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Physiology and Biochemistry

Differential Response of Fusarium solani Isolates to Pisatin and Phaseollin. Hans D. VanEtten, Associate Professor, Department of Plant Pathology, Cornell University, Ithaca, NY 14853; Jeffrey I. Stein, former Research Technician, Department of Plant Pathology, Cornell University, Ithaca, NY 14853. Phytopathology 68:1276-1283. Accepted for publication 1 March 1978. Copyright 1978 The American Phytopathological Society, 3340 Pilot Knob Road, St. Paul, MN 55121. All rights reserved.. DOI: 10.1094/Phyto-68-1276.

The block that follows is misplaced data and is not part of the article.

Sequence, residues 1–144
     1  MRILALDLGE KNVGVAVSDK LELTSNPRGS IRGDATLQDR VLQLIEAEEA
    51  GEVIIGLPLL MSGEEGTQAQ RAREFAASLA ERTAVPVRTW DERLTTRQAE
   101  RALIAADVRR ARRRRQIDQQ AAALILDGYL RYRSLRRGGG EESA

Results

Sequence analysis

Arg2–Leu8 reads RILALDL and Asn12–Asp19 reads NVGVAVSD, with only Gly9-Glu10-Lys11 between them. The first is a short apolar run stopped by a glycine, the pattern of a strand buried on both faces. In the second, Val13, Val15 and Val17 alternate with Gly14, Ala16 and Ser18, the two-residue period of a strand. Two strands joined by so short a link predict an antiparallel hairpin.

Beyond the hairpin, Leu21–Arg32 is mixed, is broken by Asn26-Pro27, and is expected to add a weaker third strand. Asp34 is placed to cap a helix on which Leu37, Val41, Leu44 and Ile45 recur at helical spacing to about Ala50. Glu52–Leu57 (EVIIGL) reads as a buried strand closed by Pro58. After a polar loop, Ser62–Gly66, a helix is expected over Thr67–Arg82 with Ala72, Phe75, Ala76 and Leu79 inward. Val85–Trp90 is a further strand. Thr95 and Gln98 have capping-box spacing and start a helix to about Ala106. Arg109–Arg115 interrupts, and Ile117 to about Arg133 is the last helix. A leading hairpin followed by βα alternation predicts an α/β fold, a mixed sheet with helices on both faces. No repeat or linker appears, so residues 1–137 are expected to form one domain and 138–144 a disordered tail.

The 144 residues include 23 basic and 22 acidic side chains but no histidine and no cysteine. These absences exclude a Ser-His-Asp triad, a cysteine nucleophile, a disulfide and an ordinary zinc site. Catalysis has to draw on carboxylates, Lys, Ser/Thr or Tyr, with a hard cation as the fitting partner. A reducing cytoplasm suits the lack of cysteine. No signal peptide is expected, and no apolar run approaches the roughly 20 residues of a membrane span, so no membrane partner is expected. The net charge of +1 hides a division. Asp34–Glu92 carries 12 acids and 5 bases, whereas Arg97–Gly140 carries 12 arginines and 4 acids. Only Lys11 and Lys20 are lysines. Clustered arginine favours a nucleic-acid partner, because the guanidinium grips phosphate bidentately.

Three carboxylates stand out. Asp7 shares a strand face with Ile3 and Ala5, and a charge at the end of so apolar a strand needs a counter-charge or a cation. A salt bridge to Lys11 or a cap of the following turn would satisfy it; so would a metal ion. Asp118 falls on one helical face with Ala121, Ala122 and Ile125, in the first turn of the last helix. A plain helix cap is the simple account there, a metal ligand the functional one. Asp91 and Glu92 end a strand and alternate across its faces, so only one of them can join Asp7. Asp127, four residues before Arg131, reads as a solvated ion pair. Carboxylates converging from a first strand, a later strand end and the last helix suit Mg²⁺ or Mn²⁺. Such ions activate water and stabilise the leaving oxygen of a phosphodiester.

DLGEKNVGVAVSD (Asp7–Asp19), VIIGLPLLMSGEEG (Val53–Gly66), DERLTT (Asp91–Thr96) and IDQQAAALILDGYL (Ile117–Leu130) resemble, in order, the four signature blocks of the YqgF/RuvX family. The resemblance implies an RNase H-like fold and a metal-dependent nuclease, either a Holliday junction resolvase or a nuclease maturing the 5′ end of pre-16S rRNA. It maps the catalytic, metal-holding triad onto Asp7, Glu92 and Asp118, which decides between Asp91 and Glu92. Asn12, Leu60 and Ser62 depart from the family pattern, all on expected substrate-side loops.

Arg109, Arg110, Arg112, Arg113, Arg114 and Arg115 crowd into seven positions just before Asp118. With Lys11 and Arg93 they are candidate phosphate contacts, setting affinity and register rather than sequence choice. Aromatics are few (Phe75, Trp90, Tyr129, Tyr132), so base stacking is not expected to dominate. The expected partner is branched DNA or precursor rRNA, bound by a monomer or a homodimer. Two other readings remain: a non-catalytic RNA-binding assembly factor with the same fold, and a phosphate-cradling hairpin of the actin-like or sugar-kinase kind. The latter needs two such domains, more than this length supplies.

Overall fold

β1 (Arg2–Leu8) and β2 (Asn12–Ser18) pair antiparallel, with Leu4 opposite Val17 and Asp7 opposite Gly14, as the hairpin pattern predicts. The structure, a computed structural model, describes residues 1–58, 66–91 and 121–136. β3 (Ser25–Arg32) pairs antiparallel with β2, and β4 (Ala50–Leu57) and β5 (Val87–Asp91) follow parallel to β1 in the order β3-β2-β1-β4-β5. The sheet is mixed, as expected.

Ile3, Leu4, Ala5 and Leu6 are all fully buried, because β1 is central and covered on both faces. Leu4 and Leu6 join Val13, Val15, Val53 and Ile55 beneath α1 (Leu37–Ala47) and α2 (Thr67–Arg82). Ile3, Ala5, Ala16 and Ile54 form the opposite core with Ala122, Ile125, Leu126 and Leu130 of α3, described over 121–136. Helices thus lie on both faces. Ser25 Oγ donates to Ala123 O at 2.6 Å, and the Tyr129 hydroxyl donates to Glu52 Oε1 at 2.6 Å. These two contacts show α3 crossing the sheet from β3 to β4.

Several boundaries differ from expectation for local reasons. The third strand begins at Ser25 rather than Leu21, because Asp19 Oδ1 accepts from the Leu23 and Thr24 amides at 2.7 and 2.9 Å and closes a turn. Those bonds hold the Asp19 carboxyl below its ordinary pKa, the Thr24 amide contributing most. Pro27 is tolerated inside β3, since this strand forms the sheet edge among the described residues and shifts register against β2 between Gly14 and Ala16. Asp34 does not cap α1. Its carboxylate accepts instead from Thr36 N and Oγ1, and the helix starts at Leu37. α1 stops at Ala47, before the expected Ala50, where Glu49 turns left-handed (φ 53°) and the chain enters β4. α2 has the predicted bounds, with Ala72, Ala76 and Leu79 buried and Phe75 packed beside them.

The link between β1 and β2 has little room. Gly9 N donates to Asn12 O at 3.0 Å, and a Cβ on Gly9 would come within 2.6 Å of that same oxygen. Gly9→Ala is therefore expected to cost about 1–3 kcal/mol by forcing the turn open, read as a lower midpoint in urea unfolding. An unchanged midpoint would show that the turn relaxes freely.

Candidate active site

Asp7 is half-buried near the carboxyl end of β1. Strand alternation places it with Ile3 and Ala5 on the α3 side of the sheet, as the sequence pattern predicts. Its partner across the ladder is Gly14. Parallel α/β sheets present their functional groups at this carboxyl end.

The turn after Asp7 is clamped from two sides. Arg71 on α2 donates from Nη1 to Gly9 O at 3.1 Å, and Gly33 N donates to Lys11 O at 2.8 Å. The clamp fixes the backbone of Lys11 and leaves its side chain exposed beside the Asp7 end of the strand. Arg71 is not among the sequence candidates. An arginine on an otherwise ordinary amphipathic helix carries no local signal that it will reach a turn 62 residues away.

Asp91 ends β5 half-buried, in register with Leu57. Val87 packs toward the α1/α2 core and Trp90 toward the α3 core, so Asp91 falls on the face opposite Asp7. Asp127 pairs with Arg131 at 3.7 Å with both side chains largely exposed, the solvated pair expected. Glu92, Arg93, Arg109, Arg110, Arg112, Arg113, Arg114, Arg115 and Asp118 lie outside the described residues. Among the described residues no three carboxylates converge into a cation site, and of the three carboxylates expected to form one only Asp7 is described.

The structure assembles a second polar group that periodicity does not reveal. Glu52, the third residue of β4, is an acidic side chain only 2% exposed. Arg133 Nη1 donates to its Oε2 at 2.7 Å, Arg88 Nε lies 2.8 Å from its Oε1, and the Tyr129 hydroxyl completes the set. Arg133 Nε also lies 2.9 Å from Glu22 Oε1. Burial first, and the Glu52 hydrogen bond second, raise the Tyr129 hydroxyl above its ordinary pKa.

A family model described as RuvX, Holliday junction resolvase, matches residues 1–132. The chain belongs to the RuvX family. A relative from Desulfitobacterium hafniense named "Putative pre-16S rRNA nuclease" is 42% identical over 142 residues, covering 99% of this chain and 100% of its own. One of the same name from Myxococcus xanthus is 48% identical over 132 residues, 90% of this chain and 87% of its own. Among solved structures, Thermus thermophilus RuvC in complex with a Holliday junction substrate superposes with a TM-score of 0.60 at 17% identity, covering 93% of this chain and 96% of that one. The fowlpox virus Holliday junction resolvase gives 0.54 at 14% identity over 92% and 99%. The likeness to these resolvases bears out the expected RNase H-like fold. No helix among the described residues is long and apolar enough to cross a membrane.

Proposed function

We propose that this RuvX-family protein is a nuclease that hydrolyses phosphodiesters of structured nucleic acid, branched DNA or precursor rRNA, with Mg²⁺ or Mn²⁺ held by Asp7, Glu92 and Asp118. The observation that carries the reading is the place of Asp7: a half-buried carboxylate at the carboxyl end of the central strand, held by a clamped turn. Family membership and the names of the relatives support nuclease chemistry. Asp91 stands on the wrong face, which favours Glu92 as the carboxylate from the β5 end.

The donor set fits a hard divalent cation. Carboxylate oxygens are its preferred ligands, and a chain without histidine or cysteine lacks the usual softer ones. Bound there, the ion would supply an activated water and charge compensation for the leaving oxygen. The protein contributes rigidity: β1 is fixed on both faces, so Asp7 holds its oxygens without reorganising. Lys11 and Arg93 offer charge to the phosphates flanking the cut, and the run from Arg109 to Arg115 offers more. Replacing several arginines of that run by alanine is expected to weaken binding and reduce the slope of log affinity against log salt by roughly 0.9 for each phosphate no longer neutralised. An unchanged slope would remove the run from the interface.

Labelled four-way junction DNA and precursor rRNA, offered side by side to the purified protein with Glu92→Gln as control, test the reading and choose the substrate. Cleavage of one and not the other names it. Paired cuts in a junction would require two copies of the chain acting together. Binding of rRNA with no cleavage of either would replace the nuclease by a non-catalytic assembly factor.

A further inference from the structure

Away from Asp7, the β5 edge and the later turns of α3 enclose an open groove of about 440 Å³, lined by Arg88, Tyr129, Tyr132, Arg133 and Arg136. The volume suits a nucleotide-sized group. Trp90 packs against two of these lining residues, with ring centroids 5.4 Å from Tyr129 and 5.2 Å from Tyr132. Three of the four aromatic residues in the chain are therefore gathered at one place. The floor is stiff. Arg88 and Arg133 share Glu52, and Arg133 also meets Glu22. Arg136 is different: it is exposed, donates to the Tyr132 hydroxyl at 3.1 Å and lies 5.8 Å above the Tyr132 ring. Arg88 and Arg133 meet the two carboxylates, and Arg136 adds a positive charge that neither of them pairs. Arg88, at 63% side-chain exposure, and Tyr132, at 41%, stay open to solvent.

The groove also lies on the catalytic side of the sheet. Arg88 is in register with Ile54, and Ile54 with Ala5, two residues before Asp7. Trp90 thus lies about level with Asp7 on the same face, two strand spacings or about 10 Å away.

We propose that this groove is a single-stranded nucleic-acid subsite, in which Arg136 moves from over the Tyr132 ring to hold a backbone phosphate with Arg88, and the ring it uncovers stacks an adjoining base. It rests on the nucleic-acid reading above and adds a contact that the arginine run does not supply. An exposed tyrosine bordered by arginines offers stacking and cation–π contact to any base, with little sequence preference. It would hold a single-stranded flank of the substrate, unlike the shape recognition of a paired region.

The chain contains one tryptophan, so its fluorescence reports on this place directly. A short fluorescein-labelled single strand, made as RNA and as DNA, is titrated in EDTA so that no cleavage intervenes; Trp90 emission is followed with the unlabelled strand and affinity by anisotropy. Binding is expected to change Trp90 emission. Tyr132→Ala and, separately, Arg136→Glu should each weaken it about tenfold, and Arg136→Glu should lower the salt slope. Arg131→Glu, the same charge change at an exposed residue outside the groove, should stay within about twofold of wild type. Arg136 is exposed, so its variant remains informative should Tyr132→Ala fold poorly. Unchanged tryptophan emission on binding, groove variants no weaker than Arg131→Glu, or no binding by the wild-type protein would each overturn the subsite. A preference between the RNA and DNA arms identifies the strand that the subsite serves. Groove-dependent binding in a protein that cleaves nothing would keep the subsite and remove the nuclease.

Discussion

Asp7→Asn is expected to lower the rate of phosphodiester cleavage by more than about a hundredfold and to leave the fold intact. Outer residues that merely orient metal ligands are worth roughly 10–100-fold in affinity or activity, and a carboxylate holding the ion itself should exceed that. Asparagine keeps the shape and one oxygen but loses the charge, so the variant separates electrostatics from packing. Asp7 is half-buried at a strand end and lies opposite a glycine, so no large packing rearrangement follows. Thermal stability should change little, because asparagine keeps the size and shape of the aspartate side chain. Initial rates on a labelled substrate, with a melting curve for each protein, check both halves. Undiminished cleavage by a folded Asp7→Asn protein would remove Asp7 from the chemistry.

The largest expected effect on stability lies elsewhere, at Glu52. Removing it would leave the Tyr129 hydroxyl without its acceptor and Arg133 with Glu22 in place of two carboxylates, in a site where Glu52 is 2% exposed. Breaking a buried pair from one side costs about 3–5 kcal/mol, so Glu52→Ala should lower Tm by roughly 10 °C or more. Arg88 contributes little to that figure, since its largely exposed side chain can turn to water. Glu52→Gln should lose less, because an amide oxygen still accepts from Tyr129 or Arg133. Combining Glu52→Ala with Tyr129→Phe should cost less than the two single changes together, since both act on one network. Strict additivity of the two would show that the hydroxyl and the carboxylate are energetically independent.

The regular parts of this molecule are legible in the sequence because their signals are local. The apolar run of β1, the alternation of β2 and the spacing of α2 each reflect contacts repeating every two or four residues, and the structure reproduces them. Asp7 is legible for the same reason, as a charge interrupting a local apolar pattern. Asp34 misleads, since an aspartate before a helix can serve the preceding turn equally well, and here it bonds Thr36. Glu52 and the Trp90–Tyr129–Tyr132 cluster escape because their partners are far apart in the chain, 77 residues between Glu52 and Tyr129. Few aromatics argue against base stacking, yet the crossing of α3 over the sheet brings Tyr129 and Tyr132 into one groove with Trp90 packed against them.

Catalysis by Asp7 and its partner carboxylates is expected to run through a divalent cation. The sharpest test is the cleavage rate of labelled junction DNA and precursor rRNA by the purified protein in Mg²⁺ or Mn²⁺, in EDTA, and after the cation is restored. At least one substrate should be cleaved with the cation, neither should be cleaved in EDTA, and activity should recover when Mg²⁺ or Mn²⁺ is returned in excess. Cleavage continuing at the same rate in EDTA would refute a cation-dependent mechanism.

One isolate each of Fusarium solani f. sp. pisi, F. solani f. sp. phaseoli, and F. solani f. sp. cucurbitae was treated with pisatin and phaseollin under a variety of growth conditions. Fusarium solani f. sp. cucurbitae consistently appeared sensitive to both phytoalexins and F. solani f. sp. pisi consistently appeared tolerant of pisatin. The response of F. solani f. sp. phaseoli to pisatin and the response of both F. solani f. sp. pisi and F. solani f. sp. phaseoli to phaseollin varied; whether an isolate appeared sensitive or tolerant to the phytoalexins depended on the growth conditions employed. Exposure of F. solani f. sp. pisi and F. solani f. sp. phaseoli in shake culture to a low concentration of phaseollin markedly enhanced their tolerance to a subsequent higher concentration of phaseollin. This type of response suggests the presence of an adaptive tolerance mechanism. Fusarium solani f. sp. pisi did not metabolize phaseollin but could metabolize pisatin. However, it grew substantially in shake culture in the presence of pisatin prior to significant metabolism of the phytoalexin. Thus, mechanisms in addition to or instead of metabolic detoxification of pisatin or phaseollin must account for the tolerance of F. solani f. sp. pisi to these phytoalexins.